COLOR FIGURE

Biochemical Signs

Electrophysiological Signs

The measurement of somatosensory evoked potentials (SSEPs), especially the N20 response from the primary somatosensory cortex (assessed 20 msec after electrical stimulation of the median nerve at the wrist), has emerged as the most accurate predictor of a poor outcome in patients with anoxicischemic encephalopathy (Fig. 1). In a meta-analysis of studies involving 801 patients, bilateral absence of the N20 response was associated with essentially no false positives (pooled 95% CI, 0 to 2).26-28 In some patients, N20 responses are intact at 24 hours after arrest but are lost by

Several chemicals are released from the brain into the blood and cerebrospinal fluid after cardiac arrest. Of these, the serum concentration of neuron-specific enolase (NSE) has appeared promising as a predictor of a poor outcome. In one prospective, multicenter study involving 231 patients, an NSE level of more than 33 g per liter, sampled between 1 and 3 days after cardiac arrest, was strongly predictive of a poor outcome with no false positives (95% CI, 0 to 3).12,20 However, this finding has not yet been confirmed in other large prospective cohorts, and the timing of testing and cutoff values for NSE have varied in other

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studies of this marker.30,31 Moreover, assays for biomarkers, including NSE, are not commonly available in North America. Elevated levels of S100 (glial protein), the BB fraction of creatine kinase in cerebrospinal fluid or serum, and neurofilament protein have not had high specificity for a poor outcome.12 However, limited data suggest that measurements of both S100 and NSE on days 1 and 3 may improve the prediction of a poor prognosis.32
Neuroimaging and Other Imaging

Computed tomographic (CT) images are usually normal immediately after a cardiac arrest, but by day 3 they often show brain swelling and inversion of the graywhite densities (with the use of quantitative measures) in patients with a poor outcome.32 Further study is needed to assess the clinical use of these findings in establishing prognosis. Magnetic resonance imaging (MRI) has also been proposed as a means of assessing prognosis after cardiac arrest, but limited data call its use into question. Among four case series, each with no more than 12 patients assessed with MRI at variable time points,33-36 two studies showed that diffusely abnormal findings on diffusionweighted imaging and fluid-attenuated inversion recovery correlated with a poor outcome.34,35 A study involving 138 patients suggested that optimal specificity is achieved when diffusionweighted imaging is performed 49 to 108 hours after cardiac arrest.36 The use of apparent diffusion coefficient (ADC) mapping was reported to add greater precision in predicting a poor outcome.37 (Diffusion-weighted imaging and ADC are measures of the diffusion of water molecules in tissue and vary over time after ischemic injury.) None of these studies monitored for seizures, which could have reversibly affected MRI findings. MR spectroscopy (e.g., for pH and N-acetyl aspartate, a neuronal marker) has been reported to correlate with a poor outcome in small studies,38-40 but more data are needed. Measures of cerebral metabolism with positron-emission tomography and determination of intracranial pressure, brain oxygen, or jugular venous oxygenation have not appeared sufficiently discriminatory for a poor outcome to be clinically useful, although studies are small.12,34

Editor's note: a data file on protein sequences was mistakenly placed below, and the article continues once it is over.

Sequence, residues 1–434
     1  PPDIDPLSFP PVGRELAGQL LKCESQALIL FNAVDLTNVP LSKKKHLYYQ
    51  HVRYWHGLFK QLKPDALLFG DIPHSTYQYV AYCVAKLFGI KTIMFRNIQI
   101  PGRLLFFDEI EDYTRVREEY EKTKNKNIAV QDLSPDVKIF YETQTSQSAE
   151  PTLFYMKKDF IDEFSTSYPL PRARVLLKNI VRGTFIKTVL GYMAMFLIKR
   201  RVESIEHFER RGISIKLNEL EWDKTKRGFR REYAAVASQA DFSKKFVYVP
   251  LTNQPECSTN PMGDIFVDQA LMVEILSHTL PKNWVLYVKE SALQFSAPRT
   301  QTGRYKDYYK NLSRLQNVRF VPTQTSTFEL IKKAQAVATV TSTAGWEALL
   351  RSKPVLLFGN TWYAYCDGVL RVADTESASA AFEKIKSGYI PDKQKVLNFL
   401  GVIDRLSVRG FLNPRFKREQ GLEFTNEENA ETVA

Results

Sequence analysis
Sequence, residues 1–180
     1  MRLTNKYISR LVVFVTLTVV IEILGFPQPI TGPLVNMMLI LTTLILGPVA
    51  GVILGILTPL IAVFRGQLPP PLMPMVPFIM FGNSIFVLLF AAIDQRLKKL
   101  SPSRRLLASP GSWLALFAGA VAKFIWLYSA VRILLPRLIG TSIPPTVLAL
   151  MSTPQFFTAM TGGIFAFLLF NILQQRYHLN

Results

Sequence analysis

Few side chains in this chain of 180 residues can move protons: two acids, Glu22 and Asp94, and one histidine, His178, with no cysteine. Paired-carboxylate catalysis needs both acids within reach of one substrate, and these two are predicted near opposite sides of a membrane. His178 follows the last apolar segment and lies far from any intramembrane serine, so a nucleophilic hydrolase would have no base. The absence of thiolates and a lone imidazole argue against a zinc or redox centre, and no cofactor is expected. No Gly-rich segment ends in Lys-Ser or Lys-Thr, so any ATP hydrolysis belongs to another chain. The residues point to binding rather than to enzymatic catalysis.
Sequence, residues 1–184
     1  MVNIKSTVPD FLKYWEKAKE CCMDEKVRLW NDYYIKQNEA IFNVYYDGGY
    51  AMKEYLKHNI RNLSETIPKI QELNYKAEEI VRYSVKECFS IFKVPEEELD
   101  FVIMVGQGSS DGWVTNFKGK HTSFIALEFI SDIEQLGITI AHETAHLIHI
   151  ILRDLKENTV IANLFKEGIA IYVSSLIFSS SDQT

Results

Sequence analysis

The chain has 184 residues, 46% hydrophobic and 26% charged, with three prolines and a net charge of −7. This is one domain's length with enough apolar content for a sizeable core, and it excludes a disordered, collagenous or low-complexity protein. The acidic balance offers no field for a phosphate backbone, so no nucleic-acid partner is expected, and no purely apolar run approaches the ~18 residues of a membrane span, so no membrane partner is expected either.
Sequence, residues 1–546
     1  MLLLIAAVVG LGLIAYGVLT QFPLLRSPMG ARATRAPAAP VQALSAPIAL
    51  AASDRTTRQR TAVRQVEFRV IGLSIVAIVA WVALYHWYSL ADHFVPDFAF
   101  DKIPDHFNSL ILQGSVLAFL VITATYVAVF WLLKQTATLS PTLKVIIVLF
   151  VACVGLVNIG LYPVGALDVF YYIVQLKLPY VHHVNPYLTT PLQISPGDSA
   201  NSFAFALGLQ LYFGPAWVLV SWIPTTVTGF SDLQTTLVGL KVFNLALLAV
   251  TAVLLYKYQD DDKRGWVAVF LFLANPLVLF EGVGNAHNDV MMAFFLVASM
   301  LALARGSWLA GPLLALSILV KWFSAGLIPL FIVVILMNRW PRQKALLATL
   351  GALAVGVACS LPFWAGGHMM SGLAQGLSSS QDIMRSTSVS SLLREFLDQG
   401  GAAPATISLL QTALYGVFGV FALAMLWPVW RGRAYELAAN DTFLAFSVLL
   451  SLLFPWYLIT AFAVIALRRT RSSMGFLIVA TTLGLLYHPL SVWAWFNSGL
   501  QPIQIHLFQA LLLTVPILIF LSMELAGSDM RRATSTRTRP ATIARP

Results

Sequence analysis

measures are appropriately discontinued. Caution is needed in predicting a poor prognosis in poorly responsive patients with anoxicischemic encephalopathy who do not meet brain-death criteria. In the United States, the Patient Self-Determination Act of 1991 recognizes the right of the patient to leave advance directives regarding CPR or limiting levels of care. However, in most cases, decision making is delegated to a substitute advocate or durable power of attorney. Members of the health care team should identify and meet with the person charged with decision making early in a patients course to explain the process by which prognosis is assessed and then follow up to present results of assessments and discuss prognosis and recommendations, including withdrawal of care, where appropriate.

A r e a s of Uncer ta in t y

The effect of hypothermia on the predictive value of various assessments remains uncertain. Limited data suggest that this therapy reduces the predictive value of motor response for a poor outcome early after cardiac arrest.21 It remains unclear whether electroencephalographic (EEG) findings have clinical use in predicting a poor outcome.12,41 Seizure activity (especially nonconvulsive seizures or nonconvulsive status epilepticus) is common in patients with anoxicischemic encephalopathy and may contribute to brain damage and prolonged coma.42,43 However, the presence of seizures does not preclude a favorable outcome. EEG studies have not specifically examined certain subcategories of findings, such as complete suppression of cortical activity, which may be highly predictive of a poor outcome.41 Where feasible, continuous EEG monitoring is nonetheless recommended during treatment with hypothermia, so that seizures occurring in pharmacologically paralyzed patients can be recognized and appropriately treated.42-46 More attention is needed to improving the prediction of a positive outcome. Purposeful movements, eye contact, and obeying commands in the first few days after arrest are encouraging findings. Patients with EEG reactivity (changes in rhythms and amplitudes in response to stimuli) do better than those who do not have such a response.41 Ethical Considerations Evoked responses other than the N20 response Brain death is equivalent to death in most coun- and event-related responses (cerebral responses to tries, and its diagnosis means that life-support stimuli that require discriminative functions of the